Social media endorsements: guide for influencers

Following on from our blog last year on paid promotions, the Competition and Markets Authority has recently published some detailed guidance for influencers when endorsing a product or service on social media. This is to make it clear to followers when you have been paid, incentivised or rewarded to review something. This applies even if it has been given to you for free.

Key guidance

  • State when you have been paid: Any form of reward (money, gifts or loan of the product) is classed as a payment. This includes items you have asked for as well as anything sent out of the blue (freebies).
  • Be clear about your relationship with a brand: you must be transparent on your current or past relationship (within a year) with a company.
  • Don’t be misleading: you cannot give the impression that you are just a consumer when you are acting for business purposes on behalf of a brand or that you bought something when it was given to you as a gift. If you are promoting something which you have not used first hand, make sure it is clear that any claims or opinions are not yours.
  • Disclose up front: the endorsement must be apparent without the need to click for more information on the post.

What should you write in an endorsed post?

The CMA takes the view that ‘Advertisement Feature’ or ‘Advertisement Promotion’, are useful descriptions. But other wording, (including #Ad, #Advert) and using the ‘Paid Partnership’ tool on Instagram in addition to these hashtags, convey the appropriate messages simply and effectively. If you have relationships with several brands or businesses featured in the same post, make sure you state all of them.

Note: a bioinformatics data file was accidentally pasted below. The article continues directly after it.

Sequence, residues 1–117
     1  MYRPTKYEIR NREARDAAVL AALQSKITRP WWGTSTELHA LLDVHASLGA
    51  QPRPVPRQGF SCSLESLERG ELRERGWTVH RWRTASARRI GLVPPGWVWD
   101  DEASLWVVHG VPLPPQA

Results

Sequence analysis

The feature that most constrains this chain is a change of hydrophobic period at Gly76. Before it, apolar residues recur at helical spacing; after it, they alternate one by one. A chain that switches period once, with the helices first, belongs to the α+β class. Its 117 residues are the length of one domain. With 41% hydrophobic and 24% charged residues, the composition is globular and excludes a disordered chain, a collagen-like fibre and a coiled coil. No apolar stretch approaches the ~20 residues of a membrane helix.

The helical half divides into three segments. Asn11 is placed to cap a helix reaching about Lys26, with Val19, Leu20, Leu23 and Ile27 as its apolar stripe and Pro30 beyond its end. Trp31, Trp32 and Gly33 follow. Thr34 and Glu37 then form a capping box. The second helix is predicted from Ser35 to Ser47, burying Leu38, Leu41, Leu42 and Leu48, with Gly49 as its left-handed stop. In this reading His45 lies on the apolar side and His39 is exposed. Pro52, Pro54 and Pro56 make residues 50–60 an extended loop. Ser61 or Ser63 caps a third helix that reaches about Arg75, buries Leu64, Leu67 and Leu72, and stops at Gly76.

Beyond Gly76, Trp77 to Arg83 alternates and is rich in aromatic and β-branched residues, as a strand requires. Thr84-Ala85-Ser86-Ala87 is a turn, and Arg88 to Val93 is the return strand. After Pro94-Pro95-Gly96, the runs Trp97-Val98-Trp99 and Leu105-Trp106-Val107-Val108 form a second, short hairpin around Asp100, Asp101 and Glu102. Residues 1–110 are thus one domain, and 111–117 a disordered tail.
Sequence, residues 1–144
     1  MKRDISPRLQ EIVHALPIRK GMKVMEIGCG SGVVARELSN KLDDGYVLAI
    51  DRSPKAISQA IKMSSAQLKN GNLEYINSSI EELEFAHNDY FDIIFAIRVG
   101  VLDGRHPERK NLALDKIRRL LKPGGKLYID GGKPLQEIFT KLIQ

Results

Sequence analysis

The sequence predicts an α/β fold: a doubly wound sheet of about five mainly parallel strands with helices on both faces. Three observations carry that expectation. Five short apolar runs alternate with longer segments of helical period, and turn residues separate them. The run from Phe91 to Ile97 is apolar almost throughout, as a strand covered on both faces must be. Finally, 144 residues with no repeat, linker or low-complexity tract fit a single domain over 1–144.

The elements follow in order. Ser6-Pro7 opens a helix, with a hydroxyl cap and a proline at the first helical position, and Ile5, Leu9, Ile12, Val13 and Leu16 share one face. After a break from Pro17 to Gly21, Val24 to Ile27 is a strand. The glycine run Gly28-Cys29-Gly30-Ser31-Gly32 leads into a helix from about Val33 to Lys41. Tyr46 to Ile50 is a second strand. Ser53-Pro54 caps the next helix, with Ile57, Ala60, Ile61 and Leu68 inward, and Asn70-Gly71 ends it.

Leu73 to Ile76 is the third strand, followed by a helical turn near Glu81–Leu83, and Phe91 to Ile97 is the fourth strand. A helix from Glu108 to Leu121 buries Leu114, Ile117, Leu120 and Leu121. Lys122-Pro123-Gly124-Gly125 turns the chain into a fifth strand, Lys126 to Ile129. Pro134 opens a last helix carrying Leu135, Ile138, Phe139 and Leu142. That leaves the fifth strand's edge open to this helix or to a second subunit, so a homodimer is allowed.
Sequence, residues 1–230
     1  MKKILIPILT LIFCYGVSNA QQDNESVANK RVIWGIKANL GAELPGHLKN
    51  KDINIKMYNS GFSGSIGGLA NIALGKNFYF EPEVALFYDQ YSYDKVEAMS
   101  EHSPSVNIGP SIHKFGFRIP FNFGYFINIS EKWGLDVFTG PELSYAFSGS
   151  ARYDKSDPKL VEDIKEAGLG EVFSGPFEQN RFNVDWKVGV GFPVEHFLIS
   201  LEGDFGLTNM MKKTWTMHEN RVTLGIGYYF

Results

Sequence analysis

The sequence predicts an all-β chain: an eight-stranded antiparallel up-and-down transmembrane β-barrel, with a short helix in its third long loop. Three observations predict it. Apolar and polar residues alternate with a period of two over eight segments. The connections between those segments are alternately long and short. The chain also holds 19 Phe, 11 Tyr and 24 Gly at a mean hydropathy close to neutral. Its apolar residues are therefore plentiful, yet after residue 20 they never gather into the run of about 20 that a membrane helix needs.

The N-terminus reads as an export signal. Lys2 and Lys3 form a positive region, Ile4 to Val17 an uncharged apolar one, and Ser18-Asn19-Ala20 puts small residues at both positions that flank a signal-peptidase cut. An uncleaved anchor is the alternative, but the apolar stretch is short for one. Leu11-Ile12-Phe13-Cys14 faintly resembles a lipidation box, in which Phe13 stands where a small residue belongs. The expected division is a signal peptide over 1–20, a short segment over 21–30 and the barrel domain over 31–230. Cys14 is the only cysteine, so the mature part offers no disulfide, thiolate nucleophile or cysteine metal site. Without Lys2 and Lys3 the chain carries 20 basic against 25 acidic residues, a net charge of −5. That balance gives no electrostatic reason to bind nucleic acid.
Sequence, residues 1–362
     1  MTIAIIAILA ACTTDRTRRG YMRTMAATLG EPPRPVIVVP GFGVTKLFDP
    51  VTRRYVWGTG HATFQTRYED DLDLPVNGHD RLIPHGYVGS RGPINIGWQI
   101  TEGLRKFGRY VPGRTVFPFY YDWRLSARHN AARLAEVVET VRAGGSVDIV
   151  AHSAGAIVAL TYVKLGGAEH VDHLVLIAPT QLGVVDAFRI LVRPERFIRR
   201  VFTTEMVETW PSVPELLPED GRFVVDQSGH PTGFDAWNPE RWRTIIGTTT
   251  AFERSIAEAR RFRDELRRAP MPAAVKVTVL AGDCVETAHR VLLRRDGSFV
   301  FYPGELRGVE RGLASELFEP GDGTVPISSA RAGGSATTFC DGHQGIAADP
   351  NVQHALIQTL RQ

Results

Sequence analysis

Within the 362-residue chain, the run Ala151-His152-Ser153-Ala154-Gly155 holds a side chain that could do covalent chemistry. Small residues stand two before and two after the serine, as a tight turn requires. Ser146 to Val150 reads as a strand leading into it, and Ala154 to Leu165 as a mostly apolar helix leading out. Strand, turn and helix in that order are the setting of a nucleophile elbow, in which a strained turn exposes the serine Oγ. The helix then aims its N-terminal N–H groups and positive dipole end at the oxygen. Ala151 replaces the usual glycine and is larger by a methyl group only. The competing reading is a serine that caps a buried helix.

What not to do

Here are some examples of posts which do not comply with the legal requirements:

  • Tagging a brand, business or gift in either the text, picture and/or video of a post without additional disclosure
  • Using discount codes in a post without additional disclosure
  • Using ambiguous language without additional disclosure in a post (‘thank you’, ‘made possible by’, ‘in collaboration with’)
  • Unclear use of hashtags: #sp, #spon, #client, #collab etc.
  • Adding #ad directly after the name of the brand or business (for example #[BRANDNAME]ad)
  • Hiding the disclosure at the end of or among other text and/or hashtags
  • Product placement where there is an associated (and undisclosed) payment or other incentives
  • Disclosing the commercial affiliation only on an influencer’s front, home or profile page

If you mislead your followers, you may be breaking consumer protection law. You could face enforcement action from the CMA or local authority Trading Standards services.

Find out more

If you have any questions or concerns please get in touch with one of our team.